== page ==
HARRISON – A long-range hope and plan for solving problems at the Harrison Community Schools buildings was driven home to the public in spring of 2017 via two evenings of eye-opening school tours which exposed the buildings’ undeniable, irreparable deterioration. Those tours, combined with the committed efforts of the administration, faculty, staff, and the Step Up for Our Students group, resulted in an unquestioned millage approval – and the beginning of a multi-stage project which would see some renovations/upgrades at the middle school, and substantial renovation and construction at the high school and Larson Elementary, where the “open concept” buildings had proven to be disappointing failures.
The first phase of construction was done at the high school as, moving forward, it would enable the most students to benefit from the new building. The next new construction was at Larson, beginning in summer 2020 and continuing during the 2020-2021 school year. When school recessed for the summer this year, the work began on renovating the former open areas and gym, then connecting the new construction with the renovated original.
Unfortunately, as is happening all across the county, supply chain issues stymied some of the work schedules, and deadlines proved to be “really nice ideas.” Yet, materials eventually arrived and the essential work was ultimately completed. Students and staff were able to move into their new digs after a brief school calendar delay, and have been able to embrace not only their new “home” but also being fully back to in-person learning.
After allowing for some adjustment time, and letting things get back to something more akin to normal, the community was invited to an official Larson open house held the evening of Dec. 1. It was cold and wintry, but it was oh so warm and welcoming inside, as staff greeted visitors, provided informative tours, and answered questions.
As might be expected, many of the visitors were former employees, faculty and administrators who, over the years, had been part of the original Larson experiment. Many of the visitors recalled what it was like to work in the open concept buildings, and the challenge of holding children’s attention while all manner of chatter and racket emanated from surrounding classes/activities. That battle was fought at the high school through the use of storage cabinets and whatever else was handy to create “walls” as sound/distraction barriers. At Larson, the most common dividers were shower curtains or fabric sheeting.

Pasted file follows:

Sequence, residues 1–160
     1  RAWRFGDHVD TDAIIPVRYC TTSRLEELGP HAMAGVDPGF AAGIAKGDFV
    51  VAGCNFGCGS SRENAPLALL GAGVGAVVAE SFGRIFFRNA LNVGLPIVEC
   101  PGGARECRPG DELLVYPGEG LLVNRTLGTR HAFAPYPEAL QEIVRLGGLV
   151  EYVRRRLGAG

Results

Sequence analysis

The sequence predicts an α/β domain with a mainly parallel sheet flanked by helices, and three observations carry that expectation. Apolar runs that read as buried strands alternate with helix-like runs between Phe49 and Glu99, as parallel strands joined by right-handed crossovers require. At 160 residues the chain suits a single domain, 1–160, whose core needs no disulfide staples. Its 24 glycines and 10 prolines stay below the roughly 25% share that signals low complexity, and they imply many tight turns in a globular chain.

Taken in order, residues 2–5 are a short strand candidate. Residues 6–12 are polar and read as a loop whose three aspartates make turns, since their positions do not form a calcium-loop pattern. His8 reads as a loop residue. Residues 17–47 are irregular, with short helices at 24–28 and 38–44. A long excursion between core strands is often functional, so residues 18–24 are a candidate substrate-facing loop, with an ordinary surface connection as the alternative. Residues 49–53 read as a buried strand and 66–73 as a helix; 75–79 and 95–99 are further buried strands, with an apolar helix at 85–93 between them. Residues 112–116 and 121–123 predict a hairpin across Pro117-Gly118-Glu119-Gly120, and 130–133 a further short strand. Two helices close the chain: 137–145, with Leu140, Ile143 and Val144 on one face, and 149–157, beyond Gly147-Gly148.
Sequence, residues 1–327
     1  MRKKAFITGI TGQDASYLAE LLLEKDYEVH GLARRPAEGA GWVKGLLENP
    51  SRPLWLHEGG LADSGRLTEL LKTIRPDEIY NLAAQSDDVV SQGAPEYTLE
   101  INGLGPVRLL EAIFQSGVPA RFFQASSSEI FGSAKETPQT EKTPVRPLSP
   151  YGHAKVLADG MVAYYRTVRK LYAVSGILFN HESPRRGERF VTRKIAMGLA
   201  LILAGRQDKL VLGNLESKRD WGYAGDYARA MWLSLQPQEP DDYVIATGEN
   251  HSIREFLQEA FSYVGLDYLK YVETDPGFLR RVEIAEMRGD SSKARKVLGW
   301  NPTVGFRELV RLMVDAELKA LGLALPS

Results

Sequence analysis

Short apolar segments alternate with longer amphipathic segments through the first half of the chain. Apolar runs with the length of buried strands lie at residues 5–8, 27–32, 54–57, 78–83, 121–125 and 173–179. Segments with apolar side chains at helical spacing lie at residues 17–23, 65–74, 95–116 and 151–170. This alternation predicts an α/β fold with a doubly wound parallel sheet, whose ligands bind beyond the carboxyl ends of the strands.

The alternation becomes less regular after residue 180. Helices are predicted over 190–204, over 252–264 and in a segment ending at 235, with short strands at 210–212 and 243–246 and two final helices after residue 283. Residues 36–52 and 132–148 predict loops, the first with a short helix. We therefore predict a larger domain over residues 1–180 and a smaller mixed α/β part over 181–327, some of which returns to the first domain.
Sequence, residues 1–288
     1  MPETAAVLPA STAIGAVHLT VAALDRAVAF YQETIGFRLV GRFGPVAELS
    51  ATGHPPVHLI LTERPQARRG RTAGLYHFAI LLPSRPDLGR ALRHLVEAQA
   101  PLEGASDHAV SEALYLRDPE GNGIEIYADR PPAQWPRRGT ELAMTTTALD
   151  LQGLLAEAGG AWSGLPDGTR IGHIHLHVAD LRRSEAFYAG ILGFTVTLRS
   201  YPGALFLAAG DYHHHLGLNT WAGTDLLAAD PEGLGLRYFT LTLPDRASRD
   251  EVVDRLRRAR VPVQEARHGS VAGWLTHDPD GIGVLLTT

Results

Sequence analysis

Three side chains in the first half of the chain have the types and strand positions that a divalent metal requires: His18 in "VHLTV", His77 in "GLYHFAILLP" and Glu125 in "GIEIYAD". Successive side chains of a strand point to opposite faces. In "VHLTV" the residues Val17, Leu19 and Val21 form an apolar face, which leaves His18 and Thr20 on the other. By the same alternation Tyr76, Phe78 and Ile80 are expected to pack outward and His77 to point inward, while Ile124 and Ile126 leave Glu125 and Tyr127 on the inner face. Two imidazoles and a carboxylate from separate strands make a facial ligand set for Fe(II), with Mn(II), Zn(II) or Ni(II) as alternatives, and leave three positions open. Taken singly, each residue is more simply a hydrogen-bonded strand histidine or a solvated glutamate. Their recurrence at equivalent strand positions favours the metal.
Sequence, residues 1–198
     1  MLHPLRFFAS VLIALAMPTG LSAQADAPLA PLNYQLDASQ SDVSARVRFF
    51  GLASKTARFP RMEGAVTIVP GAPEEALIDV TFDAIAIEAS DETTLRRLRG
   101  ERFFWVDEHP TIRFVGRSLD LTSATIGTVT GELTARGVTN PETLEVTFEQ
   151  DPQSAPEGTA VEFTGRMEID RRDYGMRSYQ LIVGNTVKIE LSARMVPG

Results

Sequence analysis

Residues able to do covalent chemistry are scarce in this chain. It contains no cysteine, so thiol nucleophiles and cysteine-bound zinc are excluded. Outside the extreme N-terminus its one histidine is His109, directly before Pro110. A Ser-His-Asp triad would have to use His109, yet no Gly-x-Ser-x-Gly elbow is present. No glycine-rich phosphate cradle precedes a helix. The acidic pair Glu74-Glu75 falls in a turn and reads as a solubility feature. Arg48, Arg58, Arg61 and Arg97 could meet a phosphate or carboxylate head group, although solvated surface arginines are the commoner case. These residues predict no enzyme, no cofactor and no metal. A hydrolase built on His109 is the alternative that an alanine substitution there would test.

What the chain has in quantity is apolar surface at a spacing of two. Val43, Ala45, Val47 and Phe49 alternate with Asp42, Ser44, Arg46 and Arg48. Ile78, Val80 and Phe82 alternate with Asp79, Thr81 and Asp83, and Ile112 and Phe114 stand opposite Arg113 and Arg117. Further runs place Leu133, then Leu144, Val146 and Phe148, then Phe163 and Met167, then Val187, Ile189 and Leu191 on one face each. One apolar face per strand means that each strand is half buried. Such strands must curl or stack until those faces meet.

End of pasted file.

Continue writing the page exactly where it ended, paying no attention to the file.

Another challenge at Larson was the lack of proper storage, and that, too, has been addressed with the new building.
The new Larson includes classrooms to accommodate not only its original K-2 grades, but also the 3-5 grades from the former Hillside Elementary. This enables all the HCS students to be on the same side of town, on one shared property.
This all makes Larson a two-principal school, as Julie Rosekranz and Andrea Andera continue to head up their previous grade groupings.
Andera described the move from Hillside into the new Larson wall-structured classrooms as less of a change than for the younger students.
“We’re still running the grade levels the way we did, in the sense we have the same number of sections for the most part,” Andera said. “There’ve been some growing pains, as far as this is this wing, and oh, that’s that wing – you know, where you get turned around. But it’s been really fun to have the little bugs again and being able to partner older kids with younger kids. And it’s not across town, so Reading Buddies are happening and it’s easier – it’s just really great.
“It’s really cute to see the kindergartners who might not remember how to get to the office,” she said. “Seeing little hands waving at the door – it’s cute.”
Andera noted that her students at Hillside may not find walls to be new, but that with all they have been through as a result of the pandemic has made coming back to school in a new building all the more special.
“I think the kids are wowed by it, in a way,” she said. “But there’s a part of it – we never realized how icky our old building really was. We loved it there, but it was just kind of depressing.”
Everyone who has made the move is reaping benefits, including those who have dedicated decades to the schools, but are just now experiencing their first new desks and chairs.
“And it’s bright, it’s our colors,” Andera said of the blue and gold bordered walls. “It just looks like us, and you see the little touches all over that are definite landmarks from the old building – things that we’re really enjoying having.”
Of course, all that glitters is not only indoors; the new building comes with a spectacular perk.
“That hill out there is really huge with sledding,” Andera said.
She noted that the larger student body of roughly 615 kids requires rotating through lunches and recesses. Andera said that, at first, there was a bit of concern as to how that coordination would work out but that it is definitely coming together and some of those kinks are being worked out.
“Moving in was hard in the beginning, with it not being completely done,” Andera said. “But our teachers were troopers; our kids are troopers, and they’ve made it work.”
And, while there are still boxes piled around, waiting for shelving orders to arrive, piece by piece things continue to fall into place at the brand new Robert Larson Elementary School.
Next on the list is completion of the administrative wing and early childhood portions of the former Hillside building. The southeast two-story (1938) wing has been razed, and once the refurbishing work is complete, the northwest (1952) wing of the building will be razed as well.
Title Director Kelly Lipovsky said there is hope that the offices will be completed before Christmas – and wouldn’t that be a welcomed gift?
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